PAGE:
year on
the road, living out of suitcases and racking up rewards points.
Occasionally, there are surprising perks—like the time a USAir pilot,
a
friend of Crawford's, invited him to ride in the cockpit on a flight
from
Philadelphia to Cleveland. “That may have been the best single moment
I had
in the profession, travel-wise.” And then there was the time he got
stuck
in the Philippines in the middle of a failed government coup. Crawford
had
traveled there to officiate an exhibition game featuring NBA players,
including Adrian Dantley, Tom Chambers and Mark Eaton. The game never
happened.


CRAWFORD: We land, 3 o'clock in the morning. [Referee] Bennett
Salvatore is
on the tour with me. He calls my room. “Joe, turn the TV on.” I turn
the
TV on; they had the machine guns. They took over the TV station. We
were
scared to death. And then everybody got sick. The guys, all the
players were
throwing up.


⚡Lightning Round⚡

Give me one word to describe…

Tim Duncan. Excuses.

David Stern. Friend.

Gregg Popovich. Different.

Rasheed Wallace. Smart.

Gary Payton. Loud.

Michael Jordan. Incredible.

Kobe Bryant. Tenacious.

Shaquille O'Neal. Strong.

Pat Riley. Warrior.

Mark Cuban. Smart-ter.

Doc Rivers. Engaging.

Phil Jackson Remembered.

The most polite player you ever dealt with? Bobby Jones.

Biggest complainers? Payton, [Allen] Iverson.

Former NBA city you miss the most? Seattle.

Current NBA city you'll miss in retirement? Milwaukee.

Favorite restaurant on the road? The Calderone Club in Milwaukee.

Best arena? Indianapolis.

Worst arena? Philly.

Arena you'll miss the most? Phoenix.

How many miles have you flown? Gotta be 6 million, 5 million. I think
I've
got 4 million just on American.


Howard Beck covers the NBA for Bleacher Report and is a co-host of NBA
Sunday Tip, 11am-1pm ET, on SiriusXM Bleacher Report radio. Follow him
on
Twitter, @HowardBeck.

zhangjianshi 发布于2016-05-25 23:33:58  |  浏览[210]  |  评论[0]
 
2016-05-25 [发表评论] [写信问候]
  ZZ 巴克利表示

http://sports.sina.com.cn/basketball/nba/2016-05-26/doc-ifxsqxxs7630050.shtml

Sir Charles: don't get on my nerve with my bad experience.

-------------------------------------------------

巴克利:说NBA下降并非嫉妒 不想再看巨星抱团

2016年05月26日00:54 新浪体育 微博


  新浪体育讯  北京时间5月26日,据亚利桑那体育报道,TNT著名评论员查尔斯-巴克利不久前曾力挺麦蒂那番“联盟的水平正在下降”的言论。近日,巴克利在接受采访时再次重申这是他见过的最差的NBA。

  “当我们谈论这个话题时,人们总认为我们这些老家伙嫉恨(现在的NBA球员)。”巴克利在采访中说道,“这和勇士队的伟大和勒布朗的伟大无关。但是我从未见过NBA像今天这么糟糕,过去三、四年里,我一直都这么说。我们有太多年轻球员从大学里进入NBA,但是他们根本不知道怎么打球。这让我感到很困惑,因为我想看充满竞争力的篮球。”

  “我们在我们的(TNT)解说团队里做了一个问卷调查——你愿意购买多少NBA球队的季票?”他补充道,“西部有四支,东部只有骑士。这对我们联盟来说不是好消息。”

  随着NBA的工资帽将大幅上涨,今夏NBA有许多球队将获得充足的薪金空间,但是巴克利不希望看到“超级球队”的形成,因为这会让NBA的整体水平继续下降。

  “老实说,今年夏天对NBA起着决定性作用,每支球队都能给出大合同。如果所有这些人聚在一起打球,我们将拥有五支优秀的球队,而其它球队都很糟糕,这将会成为一个糟糕的产物。球迷们不是傻子。”
  (罗森)


提示: 本博文来自于 Basketball 版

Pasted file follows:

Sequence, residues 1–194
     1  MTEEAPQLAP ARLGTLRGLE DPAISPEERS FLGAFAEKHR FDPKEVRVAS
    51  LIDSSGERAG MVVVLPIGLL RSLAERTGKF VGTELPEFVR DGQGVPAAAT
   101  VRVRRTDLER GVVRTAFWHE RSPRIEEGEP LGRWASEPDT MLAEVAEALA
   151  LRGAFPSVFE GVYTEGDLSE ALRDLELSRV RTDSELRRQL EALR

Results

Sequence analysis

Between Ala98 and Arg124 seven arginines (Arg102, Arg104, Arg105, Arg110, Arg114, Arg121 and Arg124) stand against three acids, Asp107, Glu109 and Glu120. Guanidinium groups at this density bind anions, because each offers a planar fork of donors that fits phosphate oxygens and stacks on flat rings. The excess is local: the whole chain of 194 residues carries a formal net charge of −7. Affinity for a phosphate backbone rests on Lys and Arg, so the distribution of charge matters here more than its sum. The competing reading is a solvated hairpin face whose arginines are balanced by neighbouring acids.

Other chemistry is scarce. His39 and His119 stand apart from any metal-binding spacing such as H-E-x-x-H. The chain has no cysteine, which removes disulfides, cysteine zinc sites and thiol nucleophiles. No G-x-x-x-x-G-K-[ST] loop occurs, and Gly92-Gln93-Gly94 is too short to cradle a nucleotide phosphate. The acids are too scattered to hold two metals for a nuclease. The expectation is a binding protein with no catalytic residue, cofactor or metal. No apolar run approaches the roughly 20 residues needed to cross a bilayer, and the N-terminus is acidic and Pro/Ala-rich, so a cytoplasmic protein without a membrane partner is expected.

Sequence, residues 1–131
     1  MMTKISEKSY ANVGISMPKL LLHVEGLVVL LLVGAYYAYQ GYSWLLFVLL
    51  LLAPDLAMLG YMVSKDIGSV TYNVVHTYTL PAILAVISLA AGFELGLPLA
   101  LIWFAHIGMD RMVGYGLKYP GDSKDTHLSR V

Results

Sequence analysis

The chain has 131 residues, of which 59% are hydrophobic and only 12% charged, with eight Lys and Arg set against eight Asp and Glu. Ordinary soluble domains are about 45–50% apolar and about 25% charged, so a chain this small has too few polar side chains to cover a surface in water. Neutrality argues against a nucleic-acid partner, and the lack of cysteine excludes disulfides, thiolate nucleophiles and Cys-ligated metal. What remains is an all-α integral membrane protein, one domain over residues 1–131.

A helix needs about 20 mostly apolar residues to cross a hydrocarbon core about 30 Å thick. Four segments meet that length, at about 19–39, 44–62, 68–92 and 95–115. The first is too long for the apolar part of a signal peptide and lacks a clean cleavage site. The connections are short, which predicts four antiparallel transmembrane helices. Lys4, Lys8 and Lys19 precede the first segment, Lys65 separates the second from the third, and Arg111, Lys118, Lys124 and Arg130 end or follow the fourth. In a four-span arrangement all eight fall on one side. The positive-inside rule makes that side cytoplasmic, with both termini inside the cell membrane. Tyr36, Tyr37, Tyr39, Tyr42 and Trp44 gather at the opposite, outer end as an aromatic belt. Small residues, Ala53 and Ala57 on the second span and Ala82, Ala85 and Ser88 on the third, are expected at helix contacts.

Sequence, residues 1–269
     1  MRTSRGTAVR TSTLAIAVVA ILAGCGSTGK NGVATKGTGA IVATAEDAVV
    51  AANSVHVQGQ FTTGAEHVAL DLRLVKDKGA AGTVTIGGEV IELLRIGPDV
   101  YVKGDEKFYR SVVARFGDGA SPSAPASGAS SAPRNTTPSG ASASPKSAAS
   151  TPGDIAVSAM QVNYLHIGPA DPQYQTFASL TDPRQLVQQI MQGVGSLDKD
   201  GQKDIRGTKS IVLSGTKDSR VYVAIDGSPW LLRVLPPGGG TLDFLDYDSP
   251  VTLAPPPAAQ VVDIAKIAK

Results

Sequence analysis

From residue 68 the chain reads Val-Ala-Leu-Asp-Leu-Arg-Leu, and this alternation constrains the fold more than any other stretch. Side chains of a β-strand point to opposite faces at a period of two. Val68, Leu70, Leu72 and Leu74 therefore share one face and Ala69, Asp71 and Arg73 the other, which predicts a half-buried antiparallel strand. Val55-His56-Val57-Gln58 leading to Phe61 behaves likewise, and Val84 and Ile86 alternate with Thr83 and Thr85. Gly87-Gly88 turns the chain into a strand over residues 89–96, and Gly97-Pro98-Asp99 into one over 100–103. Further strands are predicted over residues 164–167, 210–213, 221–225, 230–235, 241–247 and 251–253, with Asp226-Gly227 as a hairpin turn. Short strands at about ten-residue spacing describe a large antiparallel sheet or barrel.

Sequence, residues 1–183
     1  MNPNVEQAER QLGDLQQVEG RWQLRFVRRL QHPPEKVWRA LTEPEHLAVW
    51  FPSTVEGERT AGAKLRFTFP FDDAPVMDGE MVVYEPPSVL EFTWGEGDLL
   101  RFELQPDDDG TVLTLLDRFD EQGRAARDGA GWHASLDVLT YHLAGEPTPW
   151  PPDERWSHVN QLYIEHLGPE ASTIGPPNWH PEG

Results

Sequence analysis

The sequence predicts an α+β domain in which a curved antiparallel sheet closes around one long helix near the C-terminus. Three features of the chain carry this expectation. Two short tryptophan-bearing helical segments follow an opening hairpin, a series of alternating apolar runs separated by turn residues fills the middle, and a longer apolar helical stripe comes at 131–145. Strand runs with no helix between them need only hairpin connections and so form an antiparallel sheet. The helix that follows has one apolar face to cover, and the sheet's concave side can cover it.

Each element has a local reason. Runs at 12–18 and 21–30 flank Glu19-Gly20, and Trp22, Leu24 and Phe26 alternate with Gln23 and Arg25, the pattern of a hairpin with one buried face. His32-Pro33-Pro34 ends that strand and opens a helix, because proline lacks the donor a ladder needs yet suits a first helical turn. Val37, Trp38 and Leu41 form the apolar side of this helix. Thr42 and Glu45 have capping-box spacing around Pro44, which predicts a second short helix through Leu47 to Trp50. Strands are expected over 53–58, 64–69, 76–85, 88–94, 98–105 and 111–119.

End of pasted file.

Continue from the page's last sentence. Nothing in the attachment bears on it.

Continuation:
zhangjianshi 发布于2016-05-25 23:18:59  |  浏览[144]  |  评论[0]
 
2016-05-25 [发表评论] [写信问候]
  ZZ 库里伤势只恢复了7成?

http://sports.sina.com.cn/basketball/nba/2016-05-26/doc-ifxsqxxs7648187.shtml

Kerr has the guts and wisdom to tell TEAM that there is no excuse, and even if there is, it's not helping.

--------------------------------------------------

库里伤势只恢复了7成?科尔否认:他没受伤
2016年05月26日08:01 新浪体育 微博


  新浪体育讯  北京时间5月26日,西部决赛第四场赛后,有报道称勇士队常规赛MVP斯蒂芬-库里的伤势只恢复到七成。对于这个报道,勇士队主帅史蒂夫-科尔在今天接受采访时予以否认。

  “是那个所谓的‘球队的消息来源’?”科尔反问记者道,“没有人告诉过我斯蒂芬的伤势只恢复到七成。训练师、亲戚、朋友以及球队的消息来源,没有人告诉我他只恢复到七成。很显然,他们告诉了媒体,但是没有告诉我。”

  今年季后赛,库里曾受到伤病的困扰,先是脚踝,随后是膝盖。复出之后,可能由于赛程的紧密和旅途劳累,留给库里的康复时间并不多。


  科尔承认库里在过去两场比赛中没有显示出“进攻爆发力”。

  “我知道他没有受伤,如果他伤了,他就不会上场比赛。”科尔在谈到库里时表示,“他是否感到有点困扰,也许是因为有三周时间不能打比赛?他可能没有达到他需要达到的状态,但是那不是伤病,这是最重要的。”


  “这是季后赛,没有人在乎。”科尔说道,“每个人身上都有伤病。”

  过去两场比赛,当库里面对换防的雷霆内线球员时,他依然无法占据优势,而且他的篮下终结效率也明显下降。膝盖是一个潜在的原因,但是科尔很快谈到了雷霆队的健康和执行力。第四场比赛中,由于克雷-汤普森在上半场受到犯规困扰,库里被迫需要去防守不知疲倦的威斯布鲁克。

  “他们(雷霆)很健康,他们阵容齐整,而且充满决心。”科尔说道。

  目前,勇士以1-3落后雷霆,处在即将被淘汰的边缘。如果勇士将要扭转这轮系列赛的局面,他们可能需要库里的爆发。

  “好吧,现实的情况是我们以1-3落后。”科尔说道,“但是势头在季后赛中可以快速发生变化。过去两年,我们已经见过这种情况。让我们打好在主场进行的比赛,重新找回一些势头,那样我们就有机会。”


提示: 本博文来自于 Basketball 版

zhangjianshi 发布于2016-05-25 23:15:42  |  浏览[98]  |  评论[0]
 
2016-05-25 [发表评论] [写信问候]
  ZZ 最佳防守阵容 Top 2 in Vote: 考瓦伊追梦

http://sports.sina.com.cn/basketball/nba/2016-05-26/doc-ifxsqxxu4410014.shtml

最佳防守阵容:卡哇伊全票入选 追梦CP3小乔丹
2016年05月26日03:17 新浪体育 微博


  新浪体育讯  北京时间5月26日,据NBA官网报道,联盟今天公布了2015-16赛季的最佳防守阵容,两届最佳防守球员考瓦伊-莱昂纳德、勇士队的德雷蒙德-格林以及快船队的克里斯-保罗和小乔丹入选了最佳防守一队。

  作为两届最佳防守球员,考瓦伊在最佳防守一队的评选中获得了130张第一名选票,得到260分;勇士队的格林得到123张第一名选票,得到251分。

  另外三位入选最佳防守一队的球员分别是:小乔丹(47张第一名选票,137分)、艾弗里-布拉德利(62张第一名选票,149分)和克里斯-保罗(59张第一名选票,148分)。


  这是保罗连续第五个赛季入选最佳防守一队,也是他职业生涯第六次,他成为了NBA历史上第12位至少6次入选最佳防守一队的球员。

  考瓦伊、格林和小乔丹都是连续第二个赛季入选最佳防守一队,而布拉德利是第一次获此殊荣。


  NBA今天还公布了本赛季最佳防守二队,他们分别是:保罗-米尔萨普(11张第一名选票,97分)、保罗-乔治(5张第一名选票,48分)、哈森-怀特塞德(44张第一名选票,126分)、托尼-阿伦(44张第一名选票,121分)和吉米-巴特勒(18张第一名选票,62分)。


提示: 本博文来自于 Basketball 版

zhangjianshi 发布于2016-05-25 23:13:06  |  浏览[112]  |  评论[0]